Many have told the story of the 2d Division’s journey to Belleau Wood. Nevertheless, Marines have somehow forgotten that this odyssey included the 2d Engineer Regiment mixed in with the two infantry brigades. As we know, the long convoy of “camions,” or trucks, snaked along the Paris-Metz highway from Meaux to Montreuil-aux-Lions, where many members of the division commenced a bone-breaking foot march to the vicinity of Lucy-le-Bocage. While most of the division troops paused only briefly at Montreuil-aux-Lions en route, the division and engineer regimental headquarters would remain near that village throughout the Belleau Wood campaign.
Initially, it was planned to hold the engineer regiment in division reserve at Montreuil-aux-Lions. As events turned out, it did not stay there very long. Ordered to support the French units to the west of Chateau Thierry, the 2d Division commander assigned the 1st Battalion of engineers to the 3d Brigade, composed of the 9th and 23d Infantry and the 2d Battalion to the 4th Marine Brigade. The Marines were assigned the area running generally from Les Mares Farm on the left through Lucy-le-Bocage to Triangle Farm on the right. The two battalions were supposed to be used to perform only engineer duties in support of the infantry (i.e., entrenching, often referred to as “consolidating positions”). This plan for the utilization of engineer assets was quickly revised as eventually both battalions participated in combat with the Marines.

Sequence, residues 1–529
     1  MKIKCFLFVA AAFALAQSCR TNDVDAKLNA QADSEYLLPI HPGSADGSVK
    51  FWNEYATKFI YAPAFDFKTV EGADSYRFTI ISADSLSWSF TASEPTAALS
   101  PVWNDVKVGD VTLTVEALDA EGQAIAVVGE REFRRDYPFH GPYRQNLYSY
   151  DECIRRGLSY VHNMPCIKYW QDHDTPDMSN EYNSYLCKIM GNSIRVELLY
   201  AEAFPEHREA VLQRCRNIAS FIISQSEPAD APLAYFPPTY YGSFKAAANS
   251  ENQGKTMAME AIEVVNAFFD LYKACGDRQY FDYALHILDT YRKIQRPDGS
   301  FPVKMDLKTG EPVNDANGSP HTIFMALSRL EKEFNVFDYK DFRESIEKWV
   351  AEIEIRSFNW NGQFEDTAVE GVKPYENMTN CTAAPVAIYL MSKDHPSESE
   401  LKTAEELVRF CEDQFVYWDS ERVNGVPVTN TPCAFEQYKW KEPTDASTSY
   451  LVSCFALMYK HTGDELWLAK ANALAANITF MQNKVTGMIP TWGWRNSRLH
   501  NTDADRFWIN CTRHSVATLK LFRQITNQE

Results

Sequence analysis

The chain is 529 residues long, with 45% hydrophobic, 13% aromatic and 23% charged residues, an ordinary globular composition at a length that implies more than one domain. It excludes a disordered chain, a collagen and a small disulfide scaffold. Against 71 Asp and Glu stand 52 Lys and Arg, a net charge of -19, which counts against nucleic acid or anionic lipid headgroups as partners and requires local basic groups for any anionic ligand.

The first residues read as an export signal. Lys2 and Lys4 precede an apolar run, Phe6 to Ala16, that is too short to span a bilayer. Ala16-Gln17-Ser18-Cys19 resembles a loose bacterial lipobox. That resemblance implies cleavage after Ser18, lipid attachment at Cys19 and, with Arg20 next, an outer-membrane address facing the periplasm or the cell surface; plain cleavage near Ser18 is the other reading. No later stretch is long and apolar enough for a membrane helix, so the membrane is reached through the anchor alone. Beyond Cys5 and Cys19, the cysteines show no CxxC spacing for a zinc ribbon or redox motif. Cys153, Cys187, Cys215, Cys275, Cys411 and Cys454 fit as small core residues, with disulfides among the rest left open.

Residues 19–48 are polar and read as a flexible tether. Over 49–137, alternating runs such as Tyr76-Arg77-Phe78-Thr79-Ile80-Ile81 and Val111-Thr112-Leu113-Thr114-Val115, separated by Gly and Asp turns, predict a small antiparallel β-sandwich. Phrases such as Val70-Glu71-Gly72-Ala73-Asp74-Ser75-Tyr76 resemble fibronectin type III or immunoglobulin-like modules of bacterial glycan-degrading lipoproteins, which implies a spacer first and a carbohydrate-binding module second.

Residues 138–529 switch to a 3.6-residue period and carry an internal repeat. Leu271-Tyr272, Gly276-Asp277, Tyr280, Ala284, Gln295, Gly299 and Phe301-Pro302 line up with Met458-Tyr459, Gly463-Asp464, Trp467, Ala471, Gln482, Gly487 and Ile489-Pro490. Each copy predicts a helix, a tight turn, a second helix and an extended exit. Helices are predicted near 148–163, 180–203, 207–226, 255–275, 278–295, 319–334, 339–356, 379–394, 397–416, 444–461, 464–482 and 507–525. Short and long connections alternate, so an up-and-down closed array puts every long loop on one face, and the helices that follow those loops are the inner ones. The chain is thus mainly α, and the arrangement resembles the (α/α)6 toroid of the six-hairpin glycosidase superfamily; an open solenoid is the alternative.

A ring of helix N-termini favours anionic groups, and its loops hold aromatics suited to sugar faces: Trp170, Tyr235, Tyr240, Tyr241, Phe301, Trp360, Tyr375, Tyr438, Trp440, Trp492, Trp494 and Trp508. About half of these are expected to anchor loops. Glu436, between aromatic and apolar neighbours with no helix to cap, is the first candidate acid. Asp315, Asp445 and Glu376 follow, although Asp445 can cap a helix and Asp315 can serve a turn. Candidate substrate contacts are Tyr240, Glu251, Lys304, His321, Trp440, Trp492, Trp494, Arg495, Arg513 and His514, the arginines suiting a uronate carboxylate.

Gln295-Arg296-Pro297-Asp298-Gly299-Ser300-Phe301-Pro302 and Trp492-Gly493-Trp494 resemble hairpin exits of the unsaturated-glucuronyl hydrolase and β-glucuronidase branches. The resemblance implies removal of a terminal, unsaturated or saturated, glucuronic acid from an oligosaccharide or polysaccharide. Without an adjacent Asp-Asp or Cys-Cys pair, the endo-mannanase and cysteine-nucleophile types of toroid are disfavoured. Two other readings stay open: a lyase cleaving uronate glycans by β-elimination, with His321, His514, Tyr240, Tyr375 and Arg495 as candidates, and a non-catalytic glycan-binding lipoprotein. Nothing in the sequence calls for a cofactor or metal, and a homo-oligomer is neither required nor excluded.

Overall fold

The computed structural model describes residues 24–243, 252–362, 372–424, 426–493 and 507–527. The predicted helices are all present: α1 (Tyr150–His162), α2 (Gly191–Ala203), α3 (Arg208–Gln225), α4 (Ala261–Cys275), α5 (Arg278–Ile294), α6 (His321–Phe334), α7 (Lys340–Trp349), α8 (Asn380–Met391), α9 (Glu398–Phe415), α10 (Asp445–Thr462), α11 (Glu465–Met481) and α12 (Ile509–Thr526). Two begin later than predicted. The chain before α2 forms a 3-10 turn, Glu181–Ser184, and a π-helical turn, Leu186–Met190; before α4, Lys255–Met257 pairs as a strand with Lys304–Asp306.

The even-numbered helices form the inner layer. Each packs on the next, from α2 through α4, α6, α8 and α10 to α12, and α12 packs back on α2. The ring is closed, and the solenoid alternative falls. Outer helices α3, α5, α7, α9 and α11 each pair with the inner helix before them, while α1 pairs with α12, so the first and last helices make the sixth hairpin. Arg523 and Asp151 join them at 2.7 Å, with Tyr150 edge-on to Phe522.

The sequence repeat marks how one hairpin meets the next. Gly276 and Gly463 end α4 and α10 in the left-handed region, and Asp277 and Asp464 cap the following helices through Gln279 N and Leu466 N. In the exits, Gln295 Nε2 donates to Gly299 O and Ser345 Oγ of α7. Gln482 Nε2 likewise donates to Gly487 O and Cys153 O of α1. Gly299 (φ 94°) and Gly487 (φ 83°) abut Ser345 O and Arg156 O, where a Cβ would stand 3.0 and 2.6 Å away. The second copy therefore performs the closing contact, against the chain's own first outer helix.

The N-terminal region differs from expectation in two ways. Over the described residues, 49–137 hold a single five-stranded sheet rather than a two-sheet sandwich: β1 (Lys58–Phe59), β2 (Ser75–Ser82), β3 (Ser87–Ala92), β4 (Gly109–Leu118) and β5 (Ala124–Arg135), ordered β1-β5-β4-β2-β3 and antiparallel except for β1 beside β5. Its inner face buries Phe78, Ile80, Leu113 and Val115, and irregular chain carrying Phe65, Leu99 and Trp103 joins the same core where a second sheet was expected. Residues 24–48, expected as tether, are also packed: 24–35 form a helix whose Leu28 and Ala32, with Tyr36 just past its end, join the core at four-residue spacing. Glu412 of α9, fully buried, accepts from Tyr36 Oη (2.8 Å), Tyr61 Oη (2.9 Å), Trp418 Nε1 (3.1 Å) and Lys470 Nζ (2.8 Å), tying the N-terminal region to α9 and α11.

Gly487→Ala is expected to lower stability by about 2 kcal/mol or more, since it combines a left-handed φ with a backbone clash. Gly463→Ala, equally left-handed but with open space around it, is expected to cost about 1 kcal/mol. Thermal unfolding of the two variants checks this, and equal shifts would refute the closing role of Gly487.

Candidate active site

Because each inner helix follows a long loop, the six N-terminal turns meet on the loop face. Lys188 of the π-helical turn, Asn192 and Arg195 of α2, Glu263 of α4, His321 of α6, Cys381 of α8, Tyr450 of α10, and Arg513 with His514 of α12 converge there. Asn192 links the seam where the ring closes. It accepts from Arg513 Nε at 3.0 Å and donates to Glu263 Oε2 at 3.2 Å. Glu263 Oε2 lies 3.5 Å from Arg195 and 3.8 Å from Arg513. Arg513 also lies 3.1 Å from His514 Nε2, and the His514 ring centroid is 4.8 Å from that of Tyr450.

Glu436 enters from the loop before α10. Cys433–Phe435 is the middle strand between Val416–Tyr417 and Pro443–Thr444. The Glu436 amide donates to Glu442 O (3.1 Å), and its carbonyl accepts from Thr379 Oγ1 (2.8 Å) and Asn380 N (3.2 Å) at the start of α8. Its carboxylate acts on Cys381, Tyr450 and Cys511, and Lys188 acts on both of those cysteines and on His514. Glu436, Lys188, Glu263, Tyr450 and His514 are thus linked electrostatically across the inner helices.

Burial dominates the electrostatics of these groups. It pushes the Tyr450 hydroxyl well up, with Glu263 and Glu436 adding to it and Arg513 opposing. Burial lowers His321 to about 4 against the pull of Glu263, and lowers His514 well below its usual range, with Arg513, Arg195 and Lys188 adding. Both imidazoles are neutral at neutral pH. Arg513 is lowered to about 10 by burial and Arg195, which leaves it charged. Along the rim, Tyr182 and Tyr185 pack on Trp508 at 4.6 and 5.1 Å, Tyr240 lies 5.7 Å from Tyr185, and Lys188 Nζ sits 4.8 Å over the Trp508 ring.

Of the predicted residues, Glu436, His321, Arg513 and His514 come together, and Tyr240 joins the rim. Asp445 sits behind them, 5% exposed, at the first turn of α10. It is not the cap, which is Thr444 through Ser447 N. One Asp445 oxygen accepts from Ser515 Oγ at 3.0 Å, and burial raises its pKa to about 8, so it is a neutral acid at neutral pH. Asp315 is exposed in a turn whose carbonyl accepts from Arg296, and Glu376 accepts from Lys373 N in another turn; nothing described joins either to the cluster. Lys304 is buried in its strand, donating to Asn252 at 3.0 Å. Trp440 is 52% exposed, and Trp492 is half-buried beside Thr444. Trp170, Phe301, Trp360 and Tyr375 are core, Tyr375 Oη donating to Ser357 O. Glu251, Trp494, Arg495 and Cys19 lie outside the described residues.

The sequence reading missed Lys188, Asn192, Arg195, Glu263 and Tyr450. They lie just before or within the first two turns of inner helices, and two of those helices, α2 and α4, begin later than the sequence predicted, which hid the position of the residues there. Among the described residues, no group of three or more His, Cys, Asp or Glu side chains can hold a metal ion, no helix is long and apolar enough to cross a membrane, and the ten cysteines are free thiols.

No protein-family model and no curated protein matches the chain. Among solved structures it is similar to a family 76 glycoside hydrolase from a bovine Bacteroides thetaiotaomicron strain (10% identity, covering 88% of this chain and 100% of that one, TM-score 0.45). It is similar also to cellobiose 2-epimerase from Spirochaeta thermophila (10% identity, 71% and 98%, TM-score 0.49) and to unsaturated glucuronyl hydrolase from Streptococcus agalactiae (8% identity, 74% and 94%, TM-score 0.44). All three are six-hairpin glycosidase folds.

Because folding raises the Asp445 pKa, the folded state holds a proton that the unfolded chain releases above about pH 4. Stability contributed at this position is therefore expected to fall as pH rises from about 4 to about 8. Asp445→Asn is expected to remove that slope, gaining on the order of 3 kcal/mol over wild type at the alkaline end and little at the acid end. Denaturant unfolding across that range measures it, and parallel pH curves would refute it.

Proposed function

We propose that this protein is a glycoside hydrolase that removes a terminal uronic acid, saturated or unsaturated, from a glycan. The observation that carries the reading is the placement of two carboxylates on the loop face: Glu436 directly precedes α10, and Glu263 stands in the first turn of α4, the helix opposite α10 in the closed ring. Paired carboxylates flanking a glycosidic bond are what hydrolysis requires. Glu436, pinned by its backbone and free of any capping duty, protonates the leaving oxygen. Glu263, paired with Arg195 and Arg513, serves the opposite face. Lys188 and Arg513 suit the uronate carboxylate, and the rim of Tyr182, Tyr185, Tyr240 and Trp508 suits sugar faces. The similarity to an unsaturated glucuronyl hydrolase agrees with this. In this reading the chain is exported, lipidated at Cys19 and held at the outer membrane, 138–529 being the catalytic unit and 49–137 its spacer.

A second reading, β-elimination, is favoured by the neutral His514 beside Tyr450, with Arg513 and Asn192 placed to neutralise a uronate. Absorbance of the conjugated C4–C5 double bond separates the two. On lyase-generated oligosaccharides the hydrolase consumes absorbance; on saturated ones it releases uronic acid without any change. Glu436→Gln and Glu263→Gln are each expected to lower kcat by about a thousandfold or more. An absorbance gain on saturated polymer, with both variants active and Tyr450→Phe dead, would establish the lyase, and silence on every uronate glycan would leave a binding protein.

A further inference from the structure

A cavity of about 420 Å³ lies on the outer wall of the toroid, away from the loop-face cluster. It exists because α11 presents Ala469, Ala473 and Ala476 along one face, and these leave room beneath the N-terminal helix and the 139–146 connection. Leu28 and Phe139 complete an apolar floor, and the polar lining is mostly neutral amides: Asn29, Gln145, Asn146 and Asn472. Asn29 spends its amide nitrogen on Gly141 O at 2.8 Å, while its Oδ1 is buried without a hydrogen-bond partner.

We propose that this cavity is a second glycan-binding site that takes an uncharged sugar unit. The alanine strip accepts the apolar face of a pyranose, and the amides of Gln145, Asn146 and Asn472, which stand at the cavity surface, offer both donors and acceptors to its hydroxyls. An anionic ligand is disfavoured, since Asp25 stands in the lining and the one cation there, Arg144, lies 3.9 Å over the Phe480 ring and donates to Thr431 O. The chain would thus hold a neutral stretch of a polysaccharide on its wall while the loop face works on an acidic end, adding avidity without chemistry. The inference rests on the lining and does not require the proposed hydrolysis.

The two engineer battalions walked from Montreuil-aux-Lions to Paris Farm during the period 1-2 June 1918 where they drew their entrenching tools. The 1st Battalion—Companies A, B, and C—then deployed to the area near La Croisette Woods in support of the 9th Infantry. The 2d Battalion—Companies E, D, and F—moved between Lucy-le-Bocage and Triangle Farm in support of the 6th Marines. However, due to darkness and lack of maps, the companies did not arrive as planned. Companies D and E were near Triangle Farm, but Company F was in front of Lucy-le-Bocage. In the vicinity of Triangle Farm, the platoons of Company D were assigned to companies in the 6th Marines and received a taste of what was to come.
When not able to consolidate or prepare defensive positions for the Leathernecks, the engineers were put in the line with the Marines. They were in the line during German attacks on 2/3 June 1918. This proved to be their initiation to what it would be like to “support” the Marine brigade. Several soldiers would be recognized later for exemplary conduct during this period. For their heroism during the night of 2/3 June, PVTs Jefferson Holt and Charles Raffington from the medical detachment were awarded Distinguished Service Crosses. According to the citation, they continually exposed themselves to severe enemy fire in order to bring aid to wounded engineers and Marines. Although wounded and in great pain, 1SG Mack Byrd refused evacuation on 3 June and remained with the company commander during the battle. He was awarded the Distinguished Service Cross for his physical courage. As a result of this action and continued exemplary conduct, Byrd was later commissioned and ended the war as a first lieutenant.